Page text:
Christians seems to be their own worst enemy when it comes to unity. Most churches, Catholic, Orthodox, or Protestant, claim to be “catholic” in the sense of being universal. In fact, we all recite that part of the Nicene Creed every week or so, you know, “we believe in one holy catholic and apostolic Church.” Seems to me that many, if not most denominations give the lie to this call to unity.

Perhaps it is basic human nature to wish to organize into tribes; groups of “us” as against “them.” Where “them” is usually everyone who does not meet the precise criteria for being one of “us.” I’ve no objection to people aligning themselves in communities of like-minded folks. The problem is the hypocrisy of the continual pleas for Christian unity, usually loudest from those who might be the biggest stumbling blocks to said unity. That is, it’s unity, so long as you do things our way and no other way.

Two examples, one small, one large. The small one was at a Baptist church that we went to one recent Sunday. Lovely community; there was energy and the Spirit seemed to be in the assembly. When we looked over their literature, we discovered that this particular church recognized only full-immersion baptism. On the logical presumption that, a) “baptism” literally means “a dipping under”, or “immersion”, and b) that is how Jesus Himself is portrayed as having been baptized in the River Jordan. Those who were baptized by any other method would need to be re-baptized in order to join this church.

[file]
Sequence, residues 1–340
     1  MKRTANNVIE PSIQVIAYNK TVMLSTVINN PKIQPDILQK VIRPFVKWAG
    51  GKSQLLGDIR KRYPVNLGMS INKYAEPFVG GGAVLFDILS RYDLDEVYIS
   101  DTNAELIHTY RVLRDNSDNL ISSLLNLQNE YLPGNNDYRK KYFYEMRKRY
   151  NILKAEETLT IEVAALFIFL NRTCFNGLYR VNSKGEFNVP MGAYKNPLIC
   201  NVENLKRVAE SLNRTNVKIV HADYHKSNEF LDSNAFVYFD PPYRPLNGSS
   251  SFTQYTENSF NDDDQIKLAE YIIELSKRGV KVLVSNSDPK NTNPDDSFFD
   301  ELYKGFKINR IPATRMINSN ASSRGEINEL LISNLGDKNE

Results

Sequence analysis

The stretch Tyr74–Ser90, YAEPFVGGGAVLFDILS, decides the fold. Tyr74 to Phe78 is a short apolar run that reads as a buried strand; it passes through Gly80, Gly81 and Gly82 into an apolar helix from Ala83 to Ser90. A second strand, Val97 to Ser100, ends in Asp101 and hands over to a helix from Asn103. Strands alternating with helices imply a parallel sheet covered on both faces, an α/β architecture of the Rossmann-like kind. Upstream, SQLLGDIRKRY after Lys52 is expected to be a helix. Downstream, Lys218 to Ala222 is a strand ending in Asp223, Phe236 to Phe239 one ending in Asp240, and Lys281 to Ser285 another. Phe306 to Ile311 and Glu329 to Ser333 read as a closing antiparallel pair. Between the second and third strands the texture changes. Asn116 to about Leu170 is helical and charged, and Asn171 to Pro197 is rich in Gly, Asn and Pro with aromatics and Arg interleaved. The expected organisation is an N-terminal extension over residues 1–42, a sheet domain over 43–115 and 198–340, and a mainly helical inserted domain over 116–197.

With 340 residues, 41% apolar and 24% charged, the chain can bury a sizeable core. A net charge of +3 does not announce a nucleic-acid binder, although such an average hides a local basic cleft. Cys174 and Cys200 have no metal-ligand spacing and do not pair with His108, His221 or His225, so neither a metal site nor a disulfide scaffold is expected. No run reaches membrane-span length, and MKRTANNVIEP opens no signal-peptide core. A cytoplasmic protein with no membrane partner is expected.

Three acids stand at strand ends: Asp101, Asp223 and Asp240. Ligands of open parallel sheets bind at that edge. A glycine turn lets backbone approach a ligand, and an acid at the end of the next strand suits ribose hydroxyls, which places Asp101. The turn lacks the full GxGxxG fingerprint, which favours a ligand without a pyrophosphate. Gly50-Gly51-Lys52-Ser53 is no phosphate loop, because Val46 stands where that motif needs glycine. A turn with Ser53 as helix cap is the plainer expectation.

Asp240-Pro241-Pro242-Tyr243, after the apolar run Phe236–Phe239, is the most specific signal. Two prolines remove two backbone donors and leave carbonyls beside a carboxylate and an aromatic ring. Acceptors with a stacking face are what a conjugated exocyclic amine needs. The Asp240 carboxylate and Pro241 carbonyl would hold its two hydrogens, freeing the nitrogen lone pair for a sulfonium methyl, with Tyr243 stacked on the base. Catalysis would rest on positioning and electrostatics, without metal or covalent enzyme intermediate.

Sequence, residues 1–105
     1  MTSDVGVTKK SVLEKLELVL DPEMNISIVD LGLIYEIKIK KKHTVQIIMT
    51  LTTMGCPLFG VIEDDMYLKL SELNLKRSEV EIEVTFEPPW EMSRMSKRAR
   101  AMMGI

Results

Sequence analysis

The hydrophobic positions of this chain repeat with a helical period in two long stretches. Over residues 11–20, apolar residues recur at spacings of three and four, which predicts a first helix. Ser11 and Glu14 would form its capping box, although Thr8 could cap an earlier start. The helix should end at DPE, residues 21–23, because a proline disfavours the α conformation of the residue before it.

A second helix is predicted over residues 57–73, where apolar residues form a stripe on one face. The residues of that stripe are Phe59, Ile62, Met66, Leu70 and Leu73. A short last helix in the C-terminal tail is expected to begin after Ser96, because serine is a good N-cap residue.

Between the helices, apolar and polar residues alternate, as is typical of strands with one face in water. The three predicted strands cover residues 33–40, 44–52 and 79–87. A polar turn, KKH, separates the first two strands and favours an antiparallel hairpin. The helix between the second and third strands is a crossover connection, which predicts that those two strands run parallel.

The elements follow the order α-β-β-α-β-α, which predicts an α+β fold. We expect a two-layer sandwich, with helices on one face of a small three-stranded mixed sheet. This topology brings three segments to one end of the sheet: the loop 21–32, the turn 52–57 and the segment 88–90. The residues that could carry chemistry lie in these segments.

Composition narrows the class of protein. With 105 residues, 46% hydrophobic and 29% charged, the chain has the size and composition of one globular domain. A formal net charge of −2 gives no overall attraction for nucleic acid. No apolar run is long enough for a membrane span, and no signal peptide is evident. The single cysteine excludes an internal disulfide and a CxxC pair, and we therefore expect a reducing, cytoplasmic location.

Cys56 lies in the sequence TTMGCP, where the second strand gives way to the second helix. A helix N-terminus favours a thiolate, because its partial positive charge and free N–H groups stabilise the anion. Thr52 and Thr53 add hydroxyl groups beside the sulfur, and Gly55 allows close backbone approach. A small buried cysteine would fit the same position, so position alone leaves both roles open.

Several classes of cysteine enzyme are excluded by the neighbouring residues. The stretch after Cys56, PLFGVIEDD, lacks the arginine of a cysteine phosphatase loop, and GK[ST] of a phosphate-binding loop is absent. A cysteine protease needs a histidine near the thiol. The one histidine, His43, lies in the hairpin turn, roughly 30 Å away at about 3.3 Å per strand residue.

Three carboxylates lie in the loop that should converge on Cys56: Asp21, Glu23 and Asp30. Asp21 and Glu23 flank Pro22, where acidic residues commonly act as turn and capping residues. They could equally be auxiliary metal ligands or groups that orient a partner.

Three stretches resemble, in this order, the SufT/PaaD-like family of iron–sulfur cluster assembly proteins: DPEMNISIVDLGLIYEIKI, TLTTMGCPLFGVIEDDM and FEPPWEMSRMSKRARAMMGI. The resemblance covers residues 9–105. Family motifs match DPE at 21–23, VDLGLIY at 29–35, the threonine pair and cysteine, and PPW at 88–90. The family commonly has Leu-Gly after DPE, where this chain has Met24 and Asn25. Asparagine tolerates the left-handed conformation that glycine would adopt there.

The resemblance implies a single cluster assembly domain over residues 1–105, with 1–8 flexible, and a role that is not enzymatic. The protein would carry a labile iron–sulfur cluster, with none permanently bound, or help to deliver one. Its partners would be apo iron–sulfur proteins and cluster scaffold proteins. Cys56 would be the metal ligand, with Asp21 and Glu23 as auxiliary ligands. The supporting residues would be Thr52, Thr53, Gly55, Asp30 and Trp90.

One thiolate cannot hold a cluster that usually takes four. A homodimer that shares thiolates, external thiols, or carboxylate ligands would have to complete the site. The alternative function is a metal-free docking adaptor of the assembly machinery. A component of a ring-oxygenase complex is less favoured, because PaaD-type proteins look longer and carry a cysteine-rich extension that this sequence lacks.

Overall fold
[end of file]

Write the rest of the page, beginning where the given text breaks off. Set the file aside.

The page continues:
The large example is the exclusivity of the communion table in the Roman Catholic Church. Only those baptized and confirmed in the Roman Church, and not in mortal sin, may take communion. Needless to say, this is a large stumbling block for those who are not Catholics and don’t wish to become Catholic in order to share in the body and blood of Christ.

The point is that communion table hospitality, and the nature of baptism are tied together by the Holy Spirit – which is how any of these saving acts take place. The rules and requirements of men may be inspired by the Holy Spirit, but without the Spirit then baptism is just a bath, and communion is just a dry wafer. When a sinner, which is any and all of us, is turned away from receiving His body and His blood – every baptized person’s right regardless of denomination or how the baptism was performed – Jesus must weep.

It’s about God and His Son and the Holy Spirit; it’s got nothing to do with our intricate rules and dogmas that can too-easily become fences between Christians.


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